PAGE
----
“I think social media is changing the ability for people like Shannon to take advantage of freelancers because we can actually talk to each other,” said Shilton to NPQ. “Hopefully, people like her will no longer be able to do things like this.”

NPQ tried for several months to contact publisher Steitz and her attorney with no reply. After explaining this article was due to run, Steitz sent this email to NPQ:

“I understand you phoned my office earlier today with regard to freelancers. In response, I will share with you that HudsonMOD does comply in good faith with its contracts and treats all of its writers fairly and with great appreciation and respect.”

Indeed, in the age of social media, it’s surprising that these accusations against the magazine by the freelancers have largely escaped mainstream scrutiny. Yet, HudsonMOD is just a blip on the radar of an incredibly pervasive problem. Since freelance workers are so vulnerable to falling prey to clients who do not pay, what can they do to protect themselves?

“This is widespread in the industry,” said Larry Goldbetter, president of the National Writers Union, in an interview with NPQ, “and it’s very hard to deal with on your own. The clients and the publishers have more money than the freelancers do. And it’s a common practice for them to stiff people.”

“The first thing you need is a contract,” said Goldbetter. “If you don’t have a contract, you’re pretty much sunk…you’re really at their mercy.” Other sources agree on the importance and value of client contracts. Here, Katherine Erlikh enumerates some of the main points behind arming yourself with a contract even if you know your client. While a contract cannot address every possible issue, it will offer additional protections both to the freelancer and to the client should a situation of nonpayment arise.

A contract is important, but Goldbetter also sees membership in a union as crucial. “All working people need a union. That’s the best shot you have.” According to Goldbetter, within the past year, the Writers Union was able to secure $127,000 for 12 freelancers in a settlement with a nonpaying magazine. Similarly, two years before that, the union helped another 60 freelancers win $350,000 against a “deadbeat publisher.” Currently, the union is working with digital magazine ScratchMag on maintaining a database of “Who Pays Writers?” where freelancers can add information about what rate publishers are paying their writers. Goldbetter hopes this database would also help establish a base payrate for freelance writers.

NPQ also spoke to Mauricio Niebla, a freelancer who battled his own deadbeat publisher and is now a national vice president of the National Writers Union. Both Niebla and Goldbetter noted the promise they saw for the freelance sector in the unionization at Gawker, the online media publication. In a letter to their readers, Gawker writers illustrated their reasons behind the unionization, even though the publication “is a very good place to work.” Aside from giving employees an opportunity to bargain collectively and have their concerns be addressed, the writer Hamilton Nolan also hoped the unionization would spark a change within the journalism industry:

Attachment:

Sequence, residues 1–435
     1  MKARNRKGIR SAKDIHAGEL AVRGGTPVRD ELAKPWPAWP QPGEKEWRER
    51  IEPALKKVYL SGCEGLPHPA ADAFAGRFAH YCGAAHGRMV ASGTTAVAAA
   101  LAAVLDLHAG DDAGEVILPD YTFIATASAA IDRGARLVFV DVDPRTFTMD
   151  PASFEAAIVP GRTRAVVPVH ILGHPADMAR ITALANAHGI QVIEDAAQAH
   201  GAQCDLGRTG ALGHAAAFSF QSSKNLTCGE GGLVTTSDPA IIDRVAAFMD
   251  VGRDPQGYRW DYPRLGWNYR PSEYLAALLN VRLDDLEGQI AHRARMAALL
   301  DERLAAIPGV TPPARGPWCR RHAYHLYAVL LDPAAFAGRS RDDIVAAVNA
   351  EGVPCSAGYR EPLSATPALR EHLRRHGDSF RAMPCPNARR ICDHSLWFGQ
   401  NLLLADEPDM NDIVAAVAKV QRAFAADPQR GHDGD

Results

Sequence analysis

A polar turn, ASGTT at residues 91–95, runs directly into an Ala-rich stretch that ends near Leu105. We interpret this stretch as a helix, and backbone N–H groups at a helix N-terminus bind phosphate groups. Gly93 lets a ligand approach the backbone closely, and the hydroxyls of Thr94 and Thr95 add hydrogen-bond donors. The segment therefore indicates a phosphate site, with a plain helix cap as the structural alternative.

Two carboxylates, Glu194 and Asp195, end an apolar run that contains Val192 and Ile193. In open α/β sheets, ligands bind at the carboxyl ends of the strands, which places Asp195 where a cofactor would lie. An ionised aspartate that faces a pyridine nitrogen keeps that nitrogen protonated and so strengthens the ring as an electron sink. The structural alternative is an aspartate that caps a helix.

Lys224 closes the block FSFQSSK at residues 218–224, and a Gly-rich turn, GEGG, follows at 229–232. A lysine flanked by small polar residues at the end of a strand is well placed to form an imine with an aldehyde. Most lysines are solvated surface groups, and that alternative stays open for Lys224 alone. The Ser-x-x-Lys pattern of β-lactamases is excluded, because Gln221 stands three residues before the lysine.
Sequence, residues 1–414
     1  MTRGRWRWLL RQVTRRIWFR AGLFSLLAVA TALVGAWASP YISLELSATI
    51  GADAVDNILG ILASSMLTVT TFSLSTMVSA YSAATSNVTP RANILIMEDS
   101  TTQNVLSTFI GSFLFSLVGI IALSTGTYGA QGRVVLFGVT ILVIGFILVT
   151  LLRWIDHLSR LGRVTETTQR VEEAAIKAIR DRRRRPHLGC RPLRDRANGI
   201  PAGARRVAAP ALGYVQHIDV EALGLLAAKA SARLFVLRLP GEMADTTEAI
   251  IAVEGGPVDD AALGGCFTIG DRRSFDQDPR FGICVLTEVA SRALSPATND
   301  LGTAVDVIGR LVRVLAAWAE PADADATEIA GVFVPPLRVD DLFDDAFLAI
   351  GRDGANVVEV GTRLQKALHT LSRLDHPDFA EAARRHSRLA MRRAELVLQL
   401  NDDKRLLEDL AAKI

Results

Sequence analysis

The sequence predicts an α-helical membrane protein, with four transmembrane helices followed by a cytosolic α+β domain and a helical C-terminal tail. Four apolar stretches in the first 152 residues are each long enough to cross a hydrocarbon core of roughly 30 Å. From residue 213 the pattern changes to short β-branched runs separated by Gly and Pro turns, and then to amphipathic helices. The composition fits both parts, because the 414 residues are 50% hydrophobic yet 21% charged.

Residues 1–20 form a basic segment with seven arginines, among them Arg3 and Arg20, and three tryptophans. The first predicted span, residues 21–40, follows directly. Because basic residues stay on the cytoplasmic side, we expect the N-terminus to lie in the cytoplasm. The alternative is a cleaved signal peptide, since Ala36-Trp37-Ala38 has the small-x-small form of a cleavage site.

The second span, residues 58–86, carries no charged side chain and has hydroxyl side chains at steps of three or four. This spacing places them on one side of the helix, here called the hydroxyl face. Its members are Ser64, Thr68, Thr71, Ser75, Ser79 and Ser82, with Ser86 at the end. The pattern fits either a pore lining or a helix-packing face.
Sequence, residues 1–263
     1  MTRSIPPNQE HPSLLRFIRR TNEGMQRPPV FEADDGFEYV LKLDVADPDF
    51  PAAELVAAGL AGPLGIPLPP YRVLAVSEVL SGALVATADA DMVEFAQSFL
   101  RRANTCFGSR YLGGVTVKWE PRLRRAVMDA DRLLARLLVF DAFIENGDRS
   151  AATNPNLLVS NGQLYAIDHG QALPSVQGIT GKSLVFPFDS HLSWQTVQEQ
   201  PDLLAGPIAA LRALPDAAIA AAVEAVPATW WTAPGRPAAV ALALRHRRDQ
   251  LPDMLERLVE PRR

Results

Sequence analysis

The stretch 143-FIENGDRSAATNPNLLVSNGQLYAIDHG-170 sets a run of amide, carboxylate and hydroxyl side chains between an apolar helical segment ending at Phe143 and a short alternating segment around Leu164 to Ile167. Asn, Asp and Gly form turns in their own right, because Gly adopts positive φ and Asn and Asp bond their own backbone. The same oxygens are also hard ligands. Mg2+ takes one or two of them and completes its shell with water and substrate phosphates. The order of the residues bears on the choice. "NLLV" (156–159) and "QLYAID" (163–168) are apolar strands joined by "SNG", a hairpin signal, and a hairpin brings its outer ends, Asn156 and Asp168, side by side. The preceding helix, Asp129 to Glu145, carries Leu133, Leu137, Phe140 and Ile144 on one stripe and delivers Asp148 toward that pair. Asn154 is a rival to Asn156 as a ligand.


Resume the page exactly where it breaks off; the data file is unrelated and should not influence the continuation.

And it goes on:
“As journalism has moved online and flourished over the past 20 years or so, union workplaces have become much more rare in our industry. Gawker Media would be the first major online media company to organize…It’s now possible to find a career in this industry, rather than just a fleeting job.”

As the freelance workforce continues to grow, issues of nonpayment are likely to grow with it as more freelancers end up working for deadbeats. Let’s hope that this growth will also lead to freelancers talking and communicating more, and the rise of more organizations like the National Writers Union, Volunteer Lawyers for the Arts, and the Freelancers Union, along with the furtherance of virtual communities like ScratchMag, to help freelancers stamp out unethical practices and forge protections not afforded to them through the law.

At this point, Ward is still using her legal resources to come to a resolution in this case, but she’s not backing down. “I’m not going to shut up because it’s the only way to draw attention to this cause, otherwise, us freelancers, we can just be bullied into shutting up and get scared by a lawyer letter.”

NPQ will be following Ward’s story as it develops, but we also want to continue our coverage of the freelance advocacy movement. The issues in the freelancer workforce extend beyond nonpayment. Despite the appeal of the freelancing lifestyle, without the benefits and steady income of a salaried employee, there are still disadvantages. If you are a freelancer who is part of the movement fighting for freelancer rights, leave us a comment and tell us your story. We would love to hear it.

  • I’ve been a consultant in private practice with my wife for 25 years. One of my biggest frustrations with freelancers is that they don’t know how to think of themselves as businesspeople rather than employees. If they choose the freelancing lifestyle, they need to prepare themselves for the life of being paid under a 1099-MISC rather than a W-2. Freelancing is empowering, but the key to self-employment is self-empowerment.

    Also, it’s important for employers to remember that labor laws are biased toward counting all labor as employees. Further, it’s the *employer’s* responsibility to substantiate that a person is an independent contractor and not an employee. Independent contractors & freelancers can assist employers in this by being aware of the US Dept. of Labor’s 20-point independent contractor test and, generally, doing their business in a businesslike way. There are many books on consulting, working from home, etc., that include information on running one’s own practice/business.

  • AllenaTapia

    I write at Freelancewrite.About.com, where I mentor new and intermediate freelancers. The lack of payment is one of my readers main issues. I will be following this issue- please do follow up.